The development of the Pictish symbol system: inscribing identity beyond the edges of Empire

Gordon Noble* (Corresponding Author), Martin Goldberg, Derek Hamilton

*Corresponding author for this work

Research output: Contribution to journalArticlepeer-review

7 Citations (Scopus)
67 Downloads (Pure)


The date of unique symbolic carvings, from various contexts across north and east Scotland, has been debated for over a century. Excavations at key sites and direct dating of engraved bone artefacts have allowed for a more precise chronology, extending from the third/fourth centuries AD, broadly contemporaneous with other non-vernacular scripts developed beyond the frontiers of the Roman Empire, to the ninth century AD. These symbols were probably an elaborate, non-alphabetic writing system, a Pictish response to broader European changes in power and identity during the transition from the Roman Empire to the early medieval period.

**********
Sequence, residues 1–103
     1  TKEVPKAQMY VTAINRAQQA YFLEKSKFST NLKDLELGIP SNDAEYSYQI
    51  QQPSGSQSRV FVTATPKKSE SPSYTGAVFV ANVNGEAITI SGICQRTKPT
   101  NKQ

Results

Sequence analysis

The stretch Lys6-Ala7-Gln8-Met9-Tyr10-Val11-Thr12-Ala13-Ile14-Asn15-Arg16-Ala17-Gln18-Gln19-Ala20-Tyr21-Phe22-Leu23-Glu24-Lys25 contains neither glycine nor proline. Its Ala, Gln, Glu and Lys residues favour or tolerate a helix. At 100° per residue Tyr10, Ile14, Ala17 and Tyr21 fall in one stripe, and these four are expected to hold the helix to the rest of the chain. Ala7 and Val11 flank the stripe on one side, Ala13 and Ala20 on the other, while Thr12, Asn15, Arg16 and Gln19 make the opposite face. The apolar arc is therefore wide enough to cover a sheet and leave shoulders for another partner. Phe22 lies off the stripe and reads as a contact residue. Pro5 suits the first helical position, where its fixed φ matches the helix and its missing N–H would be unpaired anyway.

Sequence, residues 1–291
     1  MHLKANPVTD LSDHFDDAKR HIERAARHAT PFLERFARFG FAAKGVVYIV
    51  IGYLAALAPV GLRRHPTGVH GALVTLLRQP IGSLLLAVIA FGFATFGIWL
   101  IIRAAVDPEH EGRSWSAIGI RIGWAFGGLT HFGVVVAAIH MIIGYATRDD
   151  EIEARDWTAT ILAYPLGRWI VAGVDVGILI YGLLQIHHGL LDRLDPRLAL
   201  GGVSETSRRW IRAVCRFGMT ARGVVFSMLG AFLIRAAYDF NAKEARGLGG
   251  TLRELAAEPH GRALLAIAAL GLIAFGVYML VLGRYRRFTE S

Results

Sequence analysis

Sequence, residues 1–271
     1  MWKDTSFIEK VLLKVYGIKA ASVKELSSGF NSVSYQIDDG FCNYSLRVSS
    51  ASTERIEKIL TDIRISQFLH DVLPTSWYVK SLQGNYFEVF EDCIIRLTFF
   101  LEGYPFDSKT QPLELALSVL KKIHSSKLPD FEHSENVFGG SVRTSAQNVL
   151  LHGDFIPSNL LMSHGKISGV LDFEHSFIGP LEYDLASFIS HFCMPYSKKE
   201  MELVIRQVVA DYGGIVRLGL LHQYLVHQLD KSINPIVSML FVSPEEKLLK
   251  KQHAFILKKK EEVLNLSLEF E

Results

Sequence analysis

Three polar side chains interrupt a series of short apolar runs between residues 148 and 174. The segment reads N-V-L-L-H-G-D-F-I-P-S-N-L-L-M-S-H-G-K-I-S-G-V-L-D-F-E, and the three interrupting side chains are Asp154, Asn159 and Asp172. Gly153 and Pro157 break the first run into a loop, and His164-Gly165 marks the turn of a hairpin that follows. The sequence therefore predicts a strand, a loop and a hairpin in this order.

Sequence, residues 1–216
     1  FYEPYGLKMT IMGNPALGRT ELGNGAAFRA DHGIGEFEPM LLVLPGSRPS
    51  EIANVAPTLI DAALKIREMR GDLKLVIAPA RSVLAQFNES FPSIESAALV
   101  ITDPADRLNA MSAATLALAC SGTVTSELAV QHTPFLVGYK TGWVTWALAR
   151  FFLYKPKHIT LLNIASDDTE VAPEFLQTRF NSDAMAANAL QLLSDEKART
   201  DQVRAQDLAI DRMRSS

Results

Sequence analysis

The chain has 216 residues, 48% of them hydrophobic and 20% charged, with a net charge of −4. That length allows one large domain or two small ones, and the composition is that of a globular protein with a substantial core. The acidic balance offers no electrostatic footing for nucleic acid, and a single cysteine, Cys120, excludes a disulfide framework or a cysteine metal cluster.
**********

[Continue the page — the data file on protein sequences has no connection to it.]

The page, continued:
Original languageEnglish
Pages (from-to)1329-1348
Number of pages20
Issue number365
Early online date26 Oct 2018
Publication statusPublished - Oct 2018

Bibliographical note

Thanks go to Gail Drinkall (Orkney Museum) and our funders: Aberdeenshire Council Archaeology Service, Historic Environment Scotland, The Strathmartine Trust and the University of Aberdeen Development Trust. Isabel Henderson helped to refine Table 1. Fraser Hunter and Alice Blackwell read and commented on an earlier draft. The writing of this article was also supported by a Leverhulme Trust Research Leadership Award (RL-2016-069).


  • Scotland
  • Pictish
  • symbolism
  • carving
  • language
  • writing


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